Health Advice



How breastfeeding improves mom's health -- down the road

By Michael Roizen, M.D. and Mehmet Oz, M.D. on

In 2018, Sophie Power, 36, took a break at mile 50 in the 105-mile-long Ultra-Trail du Mont Blanc to breastfeed her 3-month-old son. They both enjoyed the break. And we know it was good for her son's health, who gains great benefits from being fed only breast milk for the first six months of life and enjoying solid foods and breast milk until at least a year old. But now a new study in JAMA Obstetrics and Gynecology reveals that Mom gets a boost in her well-being too, years (if not miles) down the road.

The researchers looked at data on over 200,000 women and found breastfeeding a baby for more than 12 months is associated with reducing mom's risk for diabetes later in life by 30% and for high blood pressure by 13% when compared with breastfeeding for less than 12 months.

The researchers say the benefits may come from a combination of factors: Breastfeeding burns up around 500 calories a day and it mobilizes fat stores, decreases the risk of obesity and increases good HDL cholesterol levels. In addition, the bonding hormone oxytocin plays a big role in breastfeeding and is known to reduce a woman's stress response and lower blood pressure.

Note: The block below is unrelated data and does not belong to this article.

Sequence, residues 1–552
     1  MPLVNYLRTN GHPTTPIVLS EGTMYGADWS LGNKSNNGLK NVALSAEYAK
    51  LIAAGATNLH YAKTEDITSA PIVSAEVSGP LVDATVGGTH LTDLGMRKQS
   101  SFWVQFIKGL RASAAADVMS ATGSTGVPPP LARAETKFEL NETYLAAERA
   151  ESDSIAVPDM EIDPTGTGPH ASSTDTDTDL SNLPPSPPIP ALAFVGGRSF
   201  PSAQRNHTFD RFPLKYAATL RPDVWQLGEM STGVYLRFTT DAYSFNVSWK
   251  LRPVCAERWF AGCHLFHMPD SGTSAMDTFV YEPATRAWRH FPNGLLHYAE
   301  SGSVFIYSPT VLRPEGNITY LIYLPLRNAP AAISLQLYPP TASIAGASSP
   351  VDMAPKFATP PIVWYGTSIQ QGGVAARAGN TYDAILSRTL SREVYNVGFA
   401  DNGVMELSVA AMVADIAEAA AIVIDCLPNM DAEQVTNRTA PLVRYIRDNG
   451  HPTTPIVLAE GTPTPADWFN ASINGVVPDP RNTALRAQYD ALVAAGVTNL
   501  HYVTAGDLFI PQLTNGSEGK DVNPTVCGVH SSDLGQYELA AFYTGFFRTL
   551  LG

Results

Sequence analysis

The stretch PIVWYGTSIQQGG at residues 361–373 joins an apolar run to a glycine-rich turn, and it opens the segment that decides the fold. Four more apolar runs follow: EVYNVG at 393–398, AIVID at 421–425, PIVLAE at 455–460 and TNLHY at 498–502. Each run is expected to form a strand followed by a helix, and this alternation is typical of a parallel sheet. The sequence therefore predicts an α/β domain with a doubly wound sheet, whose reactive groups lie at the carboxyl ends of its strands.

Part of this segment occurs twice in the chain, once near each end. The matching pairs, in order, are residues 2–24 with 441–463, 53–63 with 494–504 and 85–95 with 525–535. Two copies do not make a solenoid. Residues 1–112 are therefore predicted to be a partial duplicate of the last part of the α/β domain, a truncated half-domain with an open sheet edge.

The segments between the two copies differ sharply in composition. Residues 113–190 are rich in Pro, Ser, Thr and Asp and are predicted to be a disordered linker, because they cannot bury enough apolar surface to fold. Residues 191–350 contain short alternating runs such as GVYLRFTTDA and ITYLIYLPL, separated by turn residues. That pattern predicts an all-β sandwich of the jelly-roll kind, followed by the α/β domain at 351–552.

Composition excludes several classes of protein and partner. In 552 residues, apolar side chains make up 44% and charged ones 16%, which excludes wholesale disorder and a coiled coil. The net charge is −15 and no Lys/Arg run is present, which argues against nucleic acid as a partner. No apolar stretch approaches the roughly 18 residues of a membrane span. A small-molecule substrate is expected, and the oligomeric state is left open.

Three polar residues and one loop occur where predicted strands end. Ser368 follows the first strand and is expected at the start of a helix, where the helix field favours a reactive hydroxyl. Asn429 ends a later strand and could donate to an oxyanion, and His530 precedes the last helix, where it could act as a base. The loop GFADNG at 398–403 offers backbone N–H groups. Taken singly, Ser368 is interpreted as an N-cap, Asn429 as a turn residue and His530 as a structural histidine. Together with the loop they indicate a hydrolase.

Although it can be tough to juggle work, other kids and breastfeeding, the rewards are tangible for baby and Mom. So, if needed, seek help from your doctor and a lactation consultant (online is possible). Find one at



Mehmet Oz, M.D. is host of "The Dr. Oz Show," and Mike Roizen, M.D. is Chief Wellness Officer and Chair of Wellness Institute at Cleveland Clinic. To live your healthiest, tune into "The Dr. Oz Show" or visit

(c)2020 Michael Roizen, M.D. and Mehmet Oz, M.D.

Distributed by King Features Syndicate, Inc.

(c) 2020 Michael Roizen, M.D. and Mehmet Oz, M.D. Distributed by King Features Syndicate, Inc.



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